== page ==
All but one of the bellwether routes run though or near wilderness study areas and most are in Grand Staircase-Escalante National Monument’s original boundaries, which President Donald Trump reduced two years ago by almost half. Nearly all the routes traverse land administered by the Bureau of Land Management, with stretches that cross private and state trust land. The Sit Down Bench Road, however, is mostly in the Glen Canyon National Recreation Area.
Waddoups toured the roads in 2018.
The Southern Utah Wilderness Alliance has been granted partial intervenor status on the side of the federal government, hoping to beat back the state’s claims. The group sees Utah’s RS2477 campaign as a bad-faith gambit to sabotage future wilderness designations by winning rights of way that counties can then bulldoze and pave as they see fit.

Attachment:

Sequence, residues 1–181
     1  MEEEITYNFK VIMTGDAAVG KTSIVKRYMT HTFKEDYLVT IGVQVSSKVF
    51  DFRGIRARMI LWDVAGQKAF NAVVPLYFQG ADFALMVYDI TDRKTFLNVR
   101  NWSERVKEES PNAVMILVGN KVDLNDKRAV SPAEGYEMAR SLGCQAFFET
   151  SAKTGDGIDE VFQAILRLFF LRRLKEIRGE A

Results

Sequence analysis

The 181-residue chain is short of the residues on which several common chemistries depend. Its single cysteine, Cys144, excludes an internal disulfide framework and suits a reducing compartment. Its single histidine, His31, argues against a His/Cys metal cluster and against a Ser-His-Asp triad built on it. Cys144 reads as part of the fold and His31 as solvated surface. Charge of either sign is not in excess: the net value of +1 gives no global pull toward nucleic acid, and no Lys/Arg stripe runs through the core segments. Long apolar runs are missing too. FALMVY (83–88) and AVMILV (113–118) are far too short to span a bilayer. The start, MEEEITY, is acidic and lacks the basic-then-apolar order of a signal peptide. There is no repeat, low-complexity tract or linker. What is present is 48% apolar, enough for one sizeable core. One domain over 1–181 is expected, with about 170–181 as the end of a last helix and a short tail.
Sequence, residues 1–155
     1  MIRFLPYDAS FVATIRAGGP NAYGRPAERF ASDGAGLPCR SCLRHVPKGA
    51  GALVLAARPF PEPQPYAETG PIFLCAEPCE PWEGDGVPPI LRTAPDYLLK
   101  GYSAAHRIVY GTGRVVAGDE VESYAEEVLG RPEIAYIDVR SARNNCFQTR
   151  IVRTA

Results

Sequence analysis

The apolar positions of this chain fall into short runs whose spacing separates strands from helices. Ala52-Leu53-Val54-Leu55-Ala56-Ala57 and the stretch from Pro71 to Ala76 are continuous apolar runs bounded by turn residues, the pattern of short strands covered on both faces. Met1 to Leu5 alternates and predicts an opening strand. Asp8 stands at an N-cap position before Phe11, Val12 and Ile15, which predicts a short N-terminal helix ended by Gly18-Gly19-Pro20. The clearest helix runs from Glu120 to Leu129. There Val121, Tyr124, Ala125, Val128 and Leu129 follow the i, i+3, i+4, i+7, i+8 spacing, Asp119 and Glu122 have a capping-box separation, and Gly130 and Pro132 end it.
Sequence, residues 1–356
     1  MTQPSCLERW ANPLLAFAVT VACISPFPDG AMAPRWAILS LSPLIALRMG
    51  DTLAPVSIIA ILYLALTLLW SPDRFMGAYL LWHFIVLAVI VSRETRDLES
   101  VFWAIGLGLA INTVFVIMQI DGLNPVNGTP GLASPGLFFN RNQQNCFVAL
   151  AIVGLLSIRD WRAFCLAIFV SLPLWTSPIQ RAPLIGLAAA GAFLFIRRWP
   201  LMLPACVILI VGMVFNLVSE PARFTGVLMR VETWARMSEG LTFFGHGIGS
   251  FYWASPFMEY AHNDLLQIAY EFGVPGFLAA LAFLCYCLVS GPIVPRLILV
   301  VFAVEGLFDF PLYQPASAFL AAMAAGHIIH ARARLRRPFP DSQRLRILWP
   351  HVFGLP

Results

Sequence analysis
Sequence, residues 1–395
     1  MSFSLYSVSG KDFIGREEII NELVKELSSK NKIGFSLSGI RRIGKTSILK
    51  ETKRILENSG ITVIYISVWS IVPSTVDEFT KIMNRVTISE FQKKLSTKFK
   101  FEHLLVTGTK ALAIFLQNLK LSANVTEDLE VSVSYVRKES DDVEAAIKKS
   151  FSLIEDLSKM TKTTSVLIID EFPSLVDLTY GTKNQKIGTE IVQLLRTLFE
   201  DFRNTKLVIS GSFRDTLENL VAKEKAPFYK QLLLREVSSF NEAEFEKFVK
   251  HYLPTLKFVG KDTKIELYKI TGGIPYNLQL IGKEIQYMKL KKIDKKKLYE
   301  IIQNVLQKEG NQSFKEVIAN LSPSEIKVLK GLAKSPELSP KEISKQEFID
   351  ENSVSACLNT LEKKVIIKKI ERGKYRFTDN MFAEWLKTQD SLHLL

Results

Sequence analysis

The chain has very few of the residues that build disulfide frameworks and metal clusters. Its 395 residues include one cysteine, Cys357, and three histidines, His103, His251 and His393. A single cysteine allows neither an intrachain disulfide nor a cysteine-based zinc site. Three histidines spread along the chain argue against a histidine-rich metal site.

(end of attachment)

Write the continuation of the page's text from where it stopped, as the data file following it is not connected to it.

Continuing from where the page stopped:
The claims have nothing to do with serving transportation networks, argues SUWA legal director Steve Bloch.
“That is ridiculous,” Bloch said in an interview. “These are, for the most part, roads to nowhere. They start nowhere; they end nowhere. They were used for ranching. That’s what the primary use really was, for cutting posts, for rockhounding, for sightseeing, for hunting. The statute [RS2477] was meant to encourage the settlement of the West. To try and shoehorn in this modern-day recreation use or permitted use in ranching to fit that statute is very inapt.”
According to a SUWA analysis, about 80% of all disputed routes are designated by counties as Class D roads, which, by definition, do not receive regular maintenance. The rest are Class B, which get occasional grading. SUWA complains that some are so obscure they can barely be detected on the ground.
“They are stream bottoms. They are two tracks in the desert," Bloch said. "They may be used now for off-road vehicle use or for ranchers. But that is not the same thing as a 2477 highway.”
While SUWA does hold intervenor status, Waddoups has largely sidelined the group at trial, allowing it to submit written filings but not make presentations in court or question witnesses.